[0031] In addition, the present invention also provides a system for detecting a defect on an object having projected portions inside an arc such as an internal gear. This system allows region area detection means to extract each overlapping region formed by an overlapping portion between an outer portion of a region defined by the arc inscribing the projected portions and a cut-away portion of the object to determine an area of each overlapping region and compare the values with each other.

[0032] Other points are the same as those of the system for detecting a defect on an object having projected portions outside an arc.

[0033] Furthermore, these defect detection systems further include a lighting box for placing the inspected object thereon, and the imaging means is arranged opposite to the illuminating surface of the lighting box, thereby providing a sufficient contrast required for image processing.

[0034] In this case, the contour of the inspected object is detected through a determination of whether the transmitted light from the lighting box is blocked. This makes it possible to precisely image the contour of the inspected object irrespective of the color of the object or the effect of ambient light.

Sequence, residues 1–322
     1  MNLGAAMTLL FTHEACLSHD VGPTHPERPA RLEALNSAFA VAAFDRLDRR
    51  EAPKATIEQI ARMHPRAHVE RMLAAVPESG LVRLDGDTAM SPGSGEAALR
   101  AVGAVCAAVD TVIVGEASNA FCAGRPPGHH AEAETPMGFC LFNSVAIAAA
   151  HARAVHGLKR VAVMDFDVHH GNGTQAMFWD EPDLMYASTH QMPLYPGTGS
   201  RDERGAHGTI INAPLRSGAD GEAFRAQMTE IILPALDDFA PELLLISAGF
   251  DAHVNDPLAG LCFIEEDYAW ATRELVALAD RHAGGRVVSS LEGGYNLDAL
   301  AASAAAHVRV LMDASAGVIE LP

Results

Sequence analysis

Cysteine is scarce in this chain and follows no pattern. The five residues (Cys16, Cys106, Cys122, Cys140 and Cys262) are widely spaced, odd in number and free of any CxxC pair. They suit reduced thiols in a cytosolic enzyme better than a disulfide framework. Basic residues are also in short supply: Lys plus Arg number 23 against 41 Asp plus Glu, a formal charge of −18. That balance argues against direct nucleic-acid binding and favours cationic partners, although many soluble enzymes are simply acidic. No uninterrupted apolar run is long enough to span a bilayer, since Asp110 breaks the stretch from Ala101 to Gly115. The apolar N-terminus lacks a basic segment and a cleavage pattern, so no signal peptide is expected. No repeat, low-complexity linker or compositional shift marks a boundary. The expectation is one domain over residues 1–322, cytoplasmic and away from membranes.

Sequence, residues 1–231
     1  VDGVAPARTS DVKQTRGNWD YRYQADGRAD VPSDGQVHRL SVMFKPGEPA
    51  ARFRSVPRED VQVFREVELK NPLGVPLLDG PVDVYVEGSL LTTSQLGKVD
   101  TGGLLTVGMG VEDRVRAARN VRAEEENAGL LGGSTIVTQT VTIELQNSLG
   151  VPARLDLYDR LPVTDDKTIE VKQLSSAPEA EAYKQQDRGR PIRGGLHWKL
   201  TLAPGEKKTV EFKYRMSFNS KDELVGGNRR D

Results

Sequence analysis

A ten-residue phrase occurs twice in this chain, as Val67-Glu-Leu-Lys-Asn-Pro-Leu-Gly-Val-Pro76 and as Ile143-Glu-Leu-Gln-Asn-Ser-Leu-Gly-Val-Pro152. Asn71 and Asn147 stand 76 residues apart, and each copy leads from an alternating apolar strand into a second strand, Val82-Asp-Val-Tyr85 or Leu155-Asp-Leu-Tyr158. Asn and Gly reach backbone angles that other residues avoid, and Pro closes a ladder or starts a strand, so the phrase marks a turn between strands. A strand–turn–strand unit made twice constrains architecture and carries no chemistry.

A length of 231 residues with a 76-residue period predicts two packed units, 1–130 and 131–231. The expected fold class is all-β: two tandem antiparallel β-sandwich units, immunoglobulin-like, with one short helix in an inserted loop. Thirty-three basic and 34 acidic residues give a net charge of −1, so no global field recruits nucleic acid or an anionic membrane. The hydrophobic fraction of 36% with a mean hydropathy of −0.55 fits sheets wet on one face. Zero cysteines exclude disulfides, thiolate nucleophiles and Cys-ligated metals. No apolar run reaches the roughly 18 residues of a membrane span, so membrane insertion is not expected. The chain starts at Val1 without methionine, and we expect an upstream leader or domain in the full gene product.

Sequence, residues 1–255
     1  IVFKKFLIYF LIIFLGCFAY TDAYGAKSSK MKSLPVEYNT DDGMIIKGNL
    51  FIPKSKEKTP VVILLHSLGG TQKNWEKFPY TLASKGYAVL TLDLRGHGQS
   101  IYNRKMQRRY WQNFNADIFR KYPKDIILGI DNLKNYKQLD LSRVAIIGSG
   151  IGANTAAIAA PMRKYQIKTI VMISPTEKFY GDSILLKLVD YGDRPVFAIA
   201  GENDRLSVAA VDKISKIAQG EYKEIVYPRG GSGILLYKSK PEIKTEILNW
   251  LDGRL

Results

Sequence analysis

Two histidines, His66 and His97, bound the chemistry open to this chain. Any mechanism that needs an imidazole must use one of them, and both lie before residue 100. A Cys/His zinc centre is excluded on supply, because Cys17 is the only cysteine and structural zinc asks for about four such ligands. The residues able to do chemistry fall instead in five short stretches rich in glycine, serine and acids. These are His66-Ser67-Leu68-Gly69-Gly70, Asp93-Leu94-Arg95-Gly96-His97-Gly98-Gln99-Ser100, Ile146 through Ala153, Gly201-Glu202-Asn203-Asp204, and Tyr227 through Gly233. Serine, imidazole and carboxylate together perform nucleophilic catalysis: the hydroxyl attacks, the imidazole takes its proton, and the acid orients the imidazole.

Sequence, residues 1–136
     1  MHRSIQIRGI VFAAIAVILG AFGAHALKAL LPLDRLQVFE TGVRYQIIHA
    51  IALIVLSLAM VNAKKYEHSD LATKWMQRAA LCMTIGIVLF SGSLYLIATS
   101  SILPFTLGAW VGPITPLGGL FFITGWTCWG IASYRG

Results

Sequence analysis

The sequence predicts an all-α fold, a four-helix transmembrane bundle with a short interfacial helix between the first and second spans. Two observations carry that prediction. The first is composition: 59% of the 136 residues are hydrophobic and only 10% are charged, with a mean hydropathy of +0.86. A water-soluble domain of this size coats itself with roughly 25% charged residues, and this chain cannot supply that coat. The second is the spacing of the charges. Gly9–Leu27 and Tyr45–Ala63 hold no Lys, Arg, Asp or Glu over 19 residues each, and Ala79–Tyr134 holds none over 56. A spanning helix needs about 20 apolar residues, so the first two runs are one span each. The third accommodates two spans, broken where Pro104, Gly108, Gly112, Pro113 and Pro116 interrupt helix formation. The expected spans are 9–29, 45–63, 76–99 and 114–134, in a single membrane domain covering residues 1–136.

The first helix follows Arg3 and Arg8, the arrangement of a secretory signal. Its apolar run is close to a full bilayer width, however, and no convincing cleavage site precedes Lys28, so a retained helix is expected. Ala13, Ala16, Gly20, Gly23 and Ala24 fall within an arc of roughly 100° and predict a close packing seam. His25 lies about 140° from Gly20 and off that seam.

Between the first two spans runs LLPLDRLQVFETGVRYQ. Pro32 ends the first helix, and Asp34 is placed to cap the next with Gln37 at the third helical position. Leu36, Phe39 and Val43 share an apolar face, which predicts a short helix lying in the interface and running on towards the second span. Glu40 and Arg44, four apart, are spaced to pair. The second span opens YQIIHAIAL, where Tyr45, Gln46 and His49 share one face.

[0035] In addition, the imaging means of these defect detection systems can be provided with a band pass filter for eliminating, as deleterious light, light having wavelengths other than those of light for the lighting box to illuminate the object with.

[0036] This ensures the elimination of the effect exerted by the intensity of ambient light and the effect of shades produced thereby.

[0037] The nature, principle, and utility of the invention will become more apparent from the following detailed description when read in conjunction with the accompanying drawings.

BRIEF DESCRIPTION OF THE DRAWINGS

[0038]FIG. 1 is a schematic conceptual view simply illustrating the processing procedure of a defect detection method according to an embodiment of the present invention;

[0039] FIGS. 2(a) and (b) are views illustrating the operation principle of the defect detection method according to the embodiment, FIG. 2(a) being a conceptual view showing a sprocket having no defect with the image thereof being captured, FIG. 2(b) being the conceptual view with overlapping regions being extracted;

[0040] FIGS. 3(a) and (b) are views illustrating the operation principle of the defect detection method according to the embodiment, FIG. 3(a) being a conceptual view showing a sprocket having some defects with the image thereof being captured, FIG. 3(b) being the conceptual view with overlapping regions being extracted;

[0041]FIG. 4 is a schematic perspective view illustrating the imaging means and lighting box employed in the embodiment;